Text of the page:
View more details on training coordinator salaries across the United States.

    For the most part, training coordinators make their living in the technology and hospitality industries. Training coordinators tend to make the most in the manufacturing industry with an average salary of $60,722. The training coordinator annual salary in the technology and health care industries generally make $57,373 and $52,077 respectively. Additionally, training coordinators who work in the manufacturing industry make 64.1% more than training coordinators in the government Industry.

    The three companies that hire the most prestigious training coordinators are:

      What Development Specialists Do

      A development specialist is responsible for monitoring career training and programs for the employees, improving their capabilities and maximum potential to contribute to the company's growth and success. Development specialists also assist in assessing departmental operations, evaluating training needs, and facilitate skill development discussions and exercises. A development specialist helps identify business opportunities to generate more revenues for the organization and improve profitability status. A development specialist must have excellent communication and organization skills and comprehensive knowledge of human management to assist employees with their inquiries and concerns.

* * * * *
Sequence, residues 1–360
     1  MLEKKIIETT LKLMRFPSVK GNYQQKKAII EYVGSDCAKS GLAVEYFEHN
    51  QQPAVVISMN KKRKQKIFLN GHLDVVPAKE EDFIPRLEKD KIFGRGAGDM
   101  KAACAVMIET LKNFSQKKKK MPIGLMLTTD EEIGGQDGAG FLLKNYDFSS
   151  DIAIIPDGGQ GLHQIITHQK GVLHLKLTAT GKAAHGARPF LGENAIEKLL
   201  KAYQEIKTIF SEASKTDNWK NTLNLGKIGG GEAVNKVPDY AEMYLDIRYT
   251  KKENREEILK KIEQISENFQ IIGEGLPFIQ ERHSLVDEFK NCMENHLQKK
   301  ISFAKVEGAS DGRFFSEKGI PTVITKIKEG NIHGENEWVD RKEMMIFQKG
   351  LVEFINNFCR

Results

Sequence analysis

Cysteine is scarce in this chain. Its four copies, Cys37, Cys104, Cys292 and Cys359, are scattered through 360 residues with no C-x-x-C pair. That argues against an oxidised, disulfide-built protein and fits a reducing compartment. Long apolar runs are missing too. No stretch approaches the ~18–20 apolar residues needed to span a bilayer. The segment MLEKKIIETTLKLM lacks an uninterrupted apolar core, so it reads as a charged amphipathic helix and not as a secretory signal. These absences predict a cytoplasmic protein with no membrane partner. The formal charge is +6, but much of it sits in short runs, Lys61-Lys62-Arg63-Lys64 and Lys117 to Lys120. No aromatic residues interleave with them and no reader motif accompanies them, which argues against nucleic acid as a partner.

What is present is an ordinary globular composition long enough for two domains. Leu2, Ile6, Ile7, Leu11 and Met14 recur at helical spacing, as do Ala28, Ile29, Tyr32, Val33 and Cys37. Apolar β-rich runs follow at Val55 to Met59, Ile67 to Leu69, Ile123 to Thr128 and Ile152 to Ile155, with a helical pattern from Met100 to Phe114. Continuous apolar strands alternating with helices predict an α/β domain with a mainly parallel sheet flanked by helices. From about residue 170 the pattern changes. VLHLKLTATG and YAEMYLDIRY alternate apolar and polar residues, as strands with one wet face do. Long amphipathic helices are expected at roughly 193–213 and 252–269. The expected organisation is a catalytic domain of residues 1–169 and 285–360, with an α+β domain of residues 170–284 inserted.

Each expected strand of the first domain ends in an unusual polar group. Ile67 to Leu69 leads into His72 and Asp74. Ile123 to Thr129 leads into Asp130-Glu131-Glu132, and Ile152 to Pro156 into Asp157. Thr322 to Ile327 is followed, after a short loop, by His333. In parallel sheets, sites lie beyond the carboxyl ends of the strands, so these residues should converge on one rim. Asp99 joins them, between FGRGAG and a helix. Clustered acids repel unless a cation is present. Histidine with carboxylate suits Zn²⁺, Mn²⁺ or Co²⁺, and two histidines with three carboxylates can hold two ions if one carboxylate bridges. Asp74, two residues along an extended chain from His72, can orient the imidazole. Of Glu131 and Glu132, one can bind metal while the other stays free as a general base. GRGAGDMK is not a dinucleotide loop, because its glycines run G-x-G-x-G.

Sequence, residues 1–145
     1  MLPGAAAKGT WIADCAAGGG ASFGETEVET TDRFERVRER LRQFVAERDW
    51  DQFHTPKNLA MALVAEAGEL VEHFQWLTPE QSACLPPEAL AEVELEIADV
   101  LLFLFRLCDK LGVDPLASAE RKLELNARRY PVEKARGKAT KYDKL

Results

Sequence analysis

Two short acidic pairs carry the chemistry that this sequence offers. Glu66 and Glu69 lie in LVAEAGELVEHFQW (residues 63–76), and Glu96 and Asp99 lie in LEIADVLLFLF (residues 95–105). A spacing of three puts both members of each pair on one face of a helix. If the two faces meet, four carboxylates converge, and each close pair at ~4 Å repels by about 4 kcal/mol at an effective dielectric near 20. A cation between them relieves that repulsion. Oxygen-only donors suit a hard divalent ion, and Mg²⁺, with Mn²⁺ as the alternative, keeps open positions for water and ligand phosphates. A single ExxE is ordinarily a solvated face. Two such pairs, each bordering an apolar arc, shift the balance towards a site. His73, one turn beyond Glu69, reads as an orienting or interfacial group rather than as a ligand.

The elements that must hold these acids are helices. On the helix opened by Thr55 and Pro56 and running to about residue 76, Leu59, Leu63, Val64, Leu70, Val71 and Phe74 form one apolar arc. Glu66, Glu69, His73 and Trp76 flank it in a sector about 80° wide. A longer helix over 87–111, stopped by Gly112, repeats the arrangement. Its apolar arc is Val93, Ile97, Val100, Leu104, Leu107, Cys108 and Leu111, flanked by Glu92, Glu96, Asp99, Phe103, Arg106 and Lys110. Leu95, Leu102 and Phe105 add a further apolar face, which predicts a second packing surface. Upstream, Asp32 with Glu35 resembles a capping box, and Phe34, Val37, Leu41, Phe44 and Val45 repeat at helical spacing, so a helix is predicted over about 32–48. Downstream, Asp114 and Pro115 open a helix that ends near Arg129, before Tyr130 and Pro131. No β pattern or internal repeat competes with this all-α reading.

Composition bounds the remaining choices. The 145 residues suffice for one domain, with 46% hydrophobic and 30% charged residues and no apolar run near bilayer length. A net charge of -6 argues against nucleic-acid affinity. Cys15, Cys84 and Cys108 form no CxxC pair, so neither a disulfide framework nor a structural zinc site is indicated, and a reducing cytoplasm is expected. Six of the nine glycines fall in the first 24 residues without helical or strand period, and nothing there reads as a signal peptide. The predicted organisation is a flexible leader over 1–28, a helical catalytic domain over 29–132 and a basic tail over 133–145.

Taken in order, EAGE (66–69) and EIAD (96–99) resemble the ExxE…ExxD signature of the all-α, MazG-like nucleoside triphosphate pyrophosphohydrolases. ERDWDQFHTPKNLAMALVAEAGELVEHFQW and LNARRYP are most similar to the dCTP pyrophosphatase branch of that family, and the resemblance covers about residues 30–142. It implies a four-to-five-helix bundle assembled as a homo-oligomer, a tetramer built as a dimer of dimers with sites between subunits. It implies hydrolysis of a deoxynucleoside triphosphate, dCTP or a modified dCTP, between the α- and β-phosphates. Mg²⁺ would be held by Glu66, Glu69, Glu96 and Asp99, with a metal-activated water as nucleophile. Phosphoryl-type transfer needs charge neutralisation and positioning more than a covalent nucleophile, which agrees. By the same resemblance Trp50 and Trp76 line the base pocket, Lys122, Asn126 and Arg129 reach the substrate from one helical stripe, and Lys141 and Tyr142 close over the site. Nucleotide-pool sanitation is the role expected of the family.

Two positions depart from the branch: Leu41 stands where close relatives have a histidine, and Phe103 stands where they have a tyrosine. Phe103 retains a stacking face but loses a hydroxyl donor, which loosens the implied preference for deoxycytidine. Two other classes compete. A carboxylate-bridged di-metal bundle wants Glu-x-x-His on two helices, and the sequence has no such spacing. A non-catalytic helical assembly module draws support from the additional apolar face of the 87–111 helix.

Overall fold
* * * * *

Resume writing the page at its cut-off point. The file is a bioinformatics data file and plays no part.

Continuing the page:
In this section, we compare the average training coordinator annual salary with that of a development specialist. Typically, development specialists earn a $7,223 higher salary than training coordinators earn annually.

      Even though training coordinators and development specialists have vast differences in their careers, a few of the skills required to do both jobs are similar. For example, both careers require procedures, training materials, and customer service in the day-to-day roles.

      These skill sets are where the common ground ends though. A training coordinator responsibility is more likely to require skills like "training records," "training requirements," "coordinators," and "personnel files." Whereas a development specialist requires skills like "workforce," "project management," "salesforce," and "community resources." Just by understanding these different skills you can see how different these careers are.

      On average, development specialists reach higher levels of education than training coordinators. Development specialists are 8.8% more likely to earn a Master's Degree and 1.1% more likely to graduate with a Doctoral Degree.

      What Are The Duties Of a Corporate Trainer?